There were questions about Matt Blankenship’s ability to return to weightlifting after his right bicep detached from his bone last year in the World Masters weightlifting competition.
Blankenship didn’t share that skepticism.
“A lot of people doubted I’d come back,” Blankenship said. “My coach told me to finish what I started — it will be a great story.”
Blankenship continues to exceed expectations. He placed first in the men’s age 40-45 division in the world championship despite suffering the injury in the middle of the competition, and he recently set three national records at the PanAm Masters in Orlando in snatch (120 kilograms), clean and jerk (140 kg) as well as total score (260). He was pound-for-pound the strongest in his age group.
Blankenship accomplished all that while having what he called “probably one of my worst meets I’ve had.”
“My nerves got the best of me,” Blankenship said. “I usually get a little stressed but after my first lift, I’m good. But I didn’t settle back down.”
That’s because Blankenship keeps setting the bar higher and higher for himself, and he feels the pressure to continue surpassing it. A former Maryville High School football standout and linebacker on the 1998 Tennessee team that won a national championship, he has always been a competitor.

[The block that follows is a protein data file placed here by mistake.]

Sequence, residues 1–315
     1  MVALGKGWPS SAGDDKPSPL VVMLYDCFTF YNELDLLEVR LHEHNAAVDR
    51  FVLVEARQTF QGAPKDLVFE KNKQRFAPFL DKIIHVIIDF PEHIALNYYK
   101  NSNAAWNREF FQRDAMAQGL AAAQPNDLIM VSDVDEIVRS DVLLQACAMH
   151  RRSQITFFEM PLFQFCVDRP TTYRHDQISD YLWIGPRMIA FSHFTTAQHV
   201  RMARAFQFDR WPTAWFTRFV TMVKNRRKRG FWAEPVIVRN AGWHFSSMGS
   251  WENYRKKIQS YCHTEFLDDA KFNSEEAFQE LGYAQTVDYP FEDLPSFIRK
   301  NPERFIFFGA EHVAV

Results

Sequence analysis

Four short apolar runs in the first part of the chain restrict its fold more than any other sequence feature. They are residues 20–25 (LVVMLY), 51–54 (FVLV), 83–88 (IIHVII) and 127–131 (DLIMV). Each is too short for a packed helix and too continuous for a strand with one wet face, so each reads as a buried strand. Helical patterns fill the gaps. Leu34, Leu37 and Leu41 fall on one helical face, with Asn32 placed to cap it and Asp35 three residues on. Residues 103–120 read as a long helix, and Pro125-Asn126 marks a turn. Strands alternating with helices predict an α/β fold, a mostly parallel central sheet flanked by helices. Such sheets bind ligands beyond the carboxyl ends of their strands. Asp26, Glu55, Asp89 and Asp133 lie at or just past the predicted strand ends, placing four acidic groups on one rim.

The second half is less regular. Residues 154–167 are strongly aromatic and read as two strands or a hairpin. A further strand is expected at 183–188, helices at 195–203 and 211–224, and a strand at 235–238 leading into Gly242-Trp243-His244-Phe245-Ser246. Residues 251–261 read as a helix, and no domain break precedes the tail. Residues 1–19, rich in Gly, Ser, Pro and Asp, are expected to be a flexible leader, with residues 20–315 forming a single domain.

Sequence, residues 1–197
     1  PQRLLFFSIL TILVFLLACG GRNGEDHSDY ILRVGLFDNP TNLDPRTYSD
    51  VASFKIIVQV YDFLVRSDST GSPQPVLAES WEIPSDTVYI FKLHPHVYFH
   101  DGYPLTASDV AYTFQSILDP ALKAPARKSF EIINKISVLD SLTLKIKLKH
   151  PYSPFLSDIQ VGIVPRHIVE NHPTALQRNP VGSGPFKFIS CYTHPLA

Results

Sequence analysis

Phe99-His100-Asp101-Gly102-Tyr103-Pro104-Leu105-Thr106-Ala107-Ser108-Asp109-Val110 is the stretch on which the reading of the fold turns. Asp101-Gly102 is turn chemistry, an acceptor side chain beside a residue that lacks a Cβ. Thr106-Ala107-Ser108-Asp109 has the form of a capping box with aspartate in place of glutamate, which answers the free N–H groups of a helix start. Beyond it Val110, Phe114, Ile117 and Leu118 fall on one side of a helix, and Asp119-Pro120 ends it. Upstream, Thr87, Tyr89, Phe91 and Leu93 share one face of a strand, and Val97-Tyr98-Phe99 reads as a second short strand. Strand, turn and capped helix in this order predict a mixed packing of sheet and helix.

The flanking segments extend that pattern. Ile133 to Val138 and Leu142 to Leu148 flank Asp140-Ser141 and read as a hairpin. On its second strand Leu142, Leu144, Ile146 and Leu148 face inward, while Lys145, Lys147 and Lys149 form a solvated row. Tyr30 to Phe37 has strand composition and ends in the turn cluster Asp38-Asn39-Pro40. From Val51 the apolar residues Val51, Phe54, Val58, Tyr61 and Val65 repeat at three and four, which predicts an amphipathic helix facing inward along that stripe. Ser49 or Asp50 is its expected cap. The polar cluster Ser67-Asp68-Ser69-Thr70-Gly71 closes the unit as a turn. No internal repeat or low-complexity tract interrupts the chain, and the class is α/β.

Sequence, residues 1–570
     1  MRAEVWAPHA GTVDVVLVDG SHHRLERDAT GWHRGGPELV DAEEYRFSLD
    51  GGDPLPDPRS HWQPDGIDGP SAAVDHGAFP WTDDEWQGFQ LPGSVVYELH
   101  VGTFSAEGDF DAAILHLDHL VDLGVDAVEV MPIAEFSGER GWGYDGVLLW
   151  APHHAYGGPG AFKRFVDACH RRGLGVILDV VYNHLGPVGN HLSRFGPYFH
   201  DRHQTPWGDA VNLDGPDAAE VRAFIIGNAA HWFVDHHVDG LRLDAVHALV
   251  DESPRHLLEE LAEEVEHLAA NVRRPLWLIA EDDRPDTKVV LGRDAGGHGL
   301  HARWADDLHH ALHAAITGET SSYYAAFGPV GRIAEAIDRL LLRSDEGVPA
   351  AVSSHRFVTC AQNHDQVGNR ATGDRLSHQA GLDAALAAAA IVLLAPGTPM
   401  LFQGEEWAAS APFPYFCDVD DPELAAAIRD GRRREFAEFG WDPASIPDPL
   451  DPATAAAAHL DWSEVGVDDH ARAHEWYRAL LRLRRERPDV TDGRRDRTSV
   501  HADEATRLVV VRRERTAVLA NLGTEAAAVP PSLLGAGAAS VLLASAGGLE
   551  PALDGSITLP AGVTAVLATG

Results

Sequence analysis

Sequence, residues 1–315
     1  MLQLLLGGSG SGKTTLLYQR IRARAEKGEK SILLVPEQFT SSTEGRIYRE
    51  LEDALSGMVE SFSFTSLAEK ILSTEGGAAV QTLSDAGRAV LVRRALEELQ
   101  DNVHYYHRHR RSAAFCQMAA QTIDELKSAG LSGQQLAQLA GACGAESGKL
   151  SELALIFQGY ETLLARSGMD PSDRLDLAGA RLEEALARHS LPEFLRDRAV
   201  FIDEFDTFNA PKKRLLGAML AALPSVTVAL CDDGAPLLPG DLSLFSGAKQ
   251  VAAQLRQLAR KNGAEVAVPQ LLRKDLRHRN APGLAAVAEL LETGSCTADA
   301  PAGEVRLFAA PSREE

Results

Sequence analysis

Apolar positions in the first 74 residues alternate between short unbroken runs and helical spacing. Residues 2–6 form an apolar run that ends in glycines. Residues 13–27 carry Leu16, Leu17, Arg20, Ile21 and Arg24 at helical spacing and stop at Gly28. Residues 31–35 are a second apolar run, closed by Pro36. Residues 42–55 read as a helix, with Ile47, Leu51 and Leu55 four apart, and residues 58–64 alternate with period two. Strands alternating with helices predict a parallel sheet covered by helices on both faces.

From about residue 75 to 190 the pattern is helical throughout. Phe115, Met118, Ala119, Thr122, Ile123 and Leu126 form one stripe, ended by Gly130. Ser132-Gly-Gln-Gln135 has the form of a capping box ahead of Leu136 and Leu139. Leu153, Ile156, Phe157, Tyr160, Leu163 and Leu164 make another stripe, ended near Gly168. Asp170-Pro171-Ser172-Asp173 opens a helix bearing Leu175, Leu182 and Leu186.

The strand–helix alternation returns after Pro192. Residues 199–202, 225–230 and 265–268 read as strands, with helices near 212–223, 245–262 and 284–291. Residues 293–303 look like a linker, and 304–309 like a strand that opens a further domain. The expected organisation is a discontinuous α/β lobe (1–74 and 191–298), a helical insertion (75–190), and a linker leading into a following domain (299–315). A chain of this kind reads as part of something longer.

Blankenship developed a love for weightlifting as an athlete in high school and college. After graduating from Tennessee, he got into CrossFit and eventually opened a gym in Maryville called 129 Athletics, where he works as a strength and conditioning coach.
He has been competing in weightlifting for about two years. Competitions involve two types of lifts: the snatch and the clean and jerk. Competitors have three opportunities with each lift, and their bests are combined for their total weight.
Blankenship quickly saw success. In September, he competed in his first competition — the 2017 Tennessee Open championship — where he placed first and set a state record of 140 kg in the clean and jerk.
He went on to place first in the American Masters competition in Savannah, Georgia, in November, qualifying him for the World Masters competition in Barcelona in August.
Blankenship’s detached bicep suffered during that competition didn’t cost him a gold medal, but it did require surgery and affected his peace of mind.
“I think it was just from being hurt and the worry of that happening again,” Blankenship said. “There were a lot of expectations going in, then I tend to build things up 10 times worse.”
Blankenship’s plan for the PanAm Masters on May 29 was simple. He wanted to come out of the gate hot, setting the records with his first lifts to relieve the pressure.
“I knew what I had to do so I told my coach, ‘My openers are going to be higher than these other guys’ finishers. I’m going to set the records with my openers so I’ll calm down,” Blankenship said. “I apparently did not calm down.”
Blankenship broke the national snatch record (108 kg) on the first attempt and the clean and jerk (138 kg) on his second.
He is now training for this year’s world championship in Montreal, which will be held Aug. 16-24. Blankenship will try and defend his title.
“I know where I’m at and what I’m capable of, and I know not to get all worked up about it,” Blankenship said. “Instead of trying to put unrealistic expectations on myself, I’m going to just go in and try to enjoy it again.
“I think this last one was more proof that I still have it.”